1. Productivity

Low productivity in the UK, and other countries, often makes the headlines. There are numerous reasons attributed to this trend including lack of investment, skills shortages, legacy systems and old technology etc. etc. While there is unlikely to be a one-size-fits-all solution to this problem, most businesses can boost productivity in some areas by outsourcing.

Keeping certain functions in-house loses valuable time and money. Staff without the necessary expertise will take longer to compete tasks and this work takes them away from the things they are good at. Functions such as marketing, HR, IT and finance are generally the key areas to consider outsourcing – either in their entirety or by outsourcing some of the business operational aspects of these functions – translations are another good example.

The challenge is to find a translation partner that your business can work with long term. By building a trusted relationship, where the translation service provider really understands the business, you can obtain excellent ROI and increased productivity. Learn more about outsourcing translations here.

  1. Digitalisation and globalisation

Is digitalisation driving globalisation, or vice versa? Either way, businesses and organisations are finding it challenging to keep up with an ever evolving digital landscape and compete in a global marketplace. While digital transformation may provide the tools to optimise your business for global success, one area that must not be overlooked is localisation.

‘Think globally, act locally’ is my advice for ensuring your digital strategies are effective across different markets and countries. From website translation and digital platforms, to software and e-learning localisation, digital transformation and globalisation strategies should aim to localise assets and resources, not standardise them.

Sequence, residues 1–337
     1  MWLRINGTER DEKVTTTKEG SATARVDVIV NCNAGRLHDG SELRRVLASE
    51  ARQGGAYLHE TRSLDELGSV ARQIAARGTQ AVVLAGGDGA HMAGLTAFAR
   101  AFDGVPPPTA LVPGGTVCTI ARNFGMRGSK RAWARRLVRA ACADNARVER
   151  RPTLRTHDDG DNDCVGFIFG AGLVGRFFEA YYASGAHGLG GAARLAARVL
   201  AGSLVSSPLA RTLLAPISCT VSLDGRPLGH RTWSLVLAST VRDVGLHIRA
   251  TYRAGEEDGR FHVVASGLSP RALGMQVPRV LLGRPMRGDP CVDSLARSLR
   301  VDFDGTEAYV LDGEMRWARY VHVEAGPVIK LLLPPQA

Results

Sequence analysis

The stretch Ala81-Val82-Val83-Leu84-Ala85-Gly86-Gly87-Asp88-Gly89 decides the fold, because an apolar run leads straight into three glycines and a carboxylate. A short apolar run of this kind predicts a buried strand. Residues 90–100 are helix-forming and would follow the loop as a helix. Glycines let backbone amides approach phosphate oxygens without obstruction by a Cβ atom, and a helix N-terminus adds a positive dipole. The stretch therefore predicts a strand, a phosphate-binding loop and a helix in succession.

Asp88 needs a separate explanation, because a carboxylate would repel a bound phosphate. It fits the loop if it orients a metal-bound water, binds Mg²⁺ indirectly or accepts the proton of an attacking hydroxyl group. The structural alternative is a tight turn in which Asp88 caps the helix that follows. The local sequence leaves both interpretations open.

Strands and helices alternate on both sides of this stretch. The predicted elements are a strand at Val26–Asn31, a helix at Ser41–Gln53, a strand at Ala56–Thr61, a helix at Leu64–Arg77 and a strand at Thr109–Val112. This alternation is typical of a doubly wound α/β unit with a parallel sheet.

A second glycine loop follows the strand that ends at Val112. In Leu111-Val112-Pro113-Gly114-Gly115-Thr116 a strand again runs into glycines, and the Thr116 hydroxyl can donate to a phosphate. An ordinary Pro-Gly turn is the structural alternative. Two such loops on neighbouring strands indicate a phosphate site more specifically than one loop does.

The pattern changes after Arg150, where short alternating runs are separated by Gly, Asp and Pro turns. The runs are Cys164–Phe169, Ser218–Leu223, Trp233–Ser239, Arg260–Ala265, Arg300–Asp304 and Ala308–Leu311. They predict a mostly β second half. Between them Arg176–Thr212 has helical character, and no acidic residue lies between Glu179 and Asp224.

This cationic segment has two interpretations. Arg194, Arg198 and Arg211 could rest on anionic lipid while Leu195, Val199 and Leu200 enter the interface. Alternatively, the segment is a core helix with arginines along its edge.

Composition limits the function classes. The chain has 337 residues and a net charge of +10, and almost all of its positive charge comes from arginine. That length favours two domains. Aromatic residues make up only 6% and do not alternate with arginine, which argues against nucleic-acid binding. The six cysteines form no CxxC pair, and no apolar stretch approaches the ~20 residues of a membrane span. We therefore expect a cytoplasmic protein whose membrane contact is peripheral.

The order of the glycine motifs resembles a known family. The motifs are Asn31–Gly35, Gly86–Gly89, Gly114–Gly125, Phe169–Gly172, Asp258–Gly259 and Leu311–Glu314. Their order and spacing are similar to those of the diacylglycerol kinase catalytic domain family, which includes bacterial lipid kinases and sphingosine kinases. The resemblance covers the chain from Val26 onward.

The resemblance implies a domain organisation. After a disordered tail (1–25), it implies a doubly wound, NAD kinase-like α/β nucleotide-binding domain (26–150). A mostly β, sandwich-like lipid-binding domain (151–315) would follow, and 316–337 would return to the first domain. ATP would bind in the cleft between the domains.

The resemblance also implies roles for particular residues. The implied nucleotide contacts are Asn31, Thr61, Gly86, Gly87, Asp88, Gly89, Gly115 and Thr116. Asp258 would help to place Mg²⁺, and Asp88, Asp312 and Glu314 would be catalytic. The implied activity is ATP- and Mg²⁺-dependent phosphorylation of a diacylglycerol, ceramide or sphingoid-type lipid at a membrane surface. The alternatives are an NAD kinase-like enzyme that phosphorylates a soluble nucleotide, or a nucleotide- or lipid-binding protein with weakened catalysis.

Finally, a global trend that has shaped 2017 and looks set to continue into 2018: uncertainty. In this kind of environment it pays to be flexible so that your organisation can take advantage of opportunity when it presents itself. I believe that having trusted partners on your side can give you an edge, by providing the skills and expertise you need to scale, flex and respond to demand and changing market conditions. To this end, international organisations and those with global ambitions, should work closely with their translation provider to ensure they have access to the right language skills, when they need them.

If you would like to discuss your organisation’s global strategies for 2018 and the part languages have to play, please contact me. I would be delighted to provide some insight into translations, localisation and language skills, and how you can utilise these for global success.

Call +44 (0) 1926 335 681 or email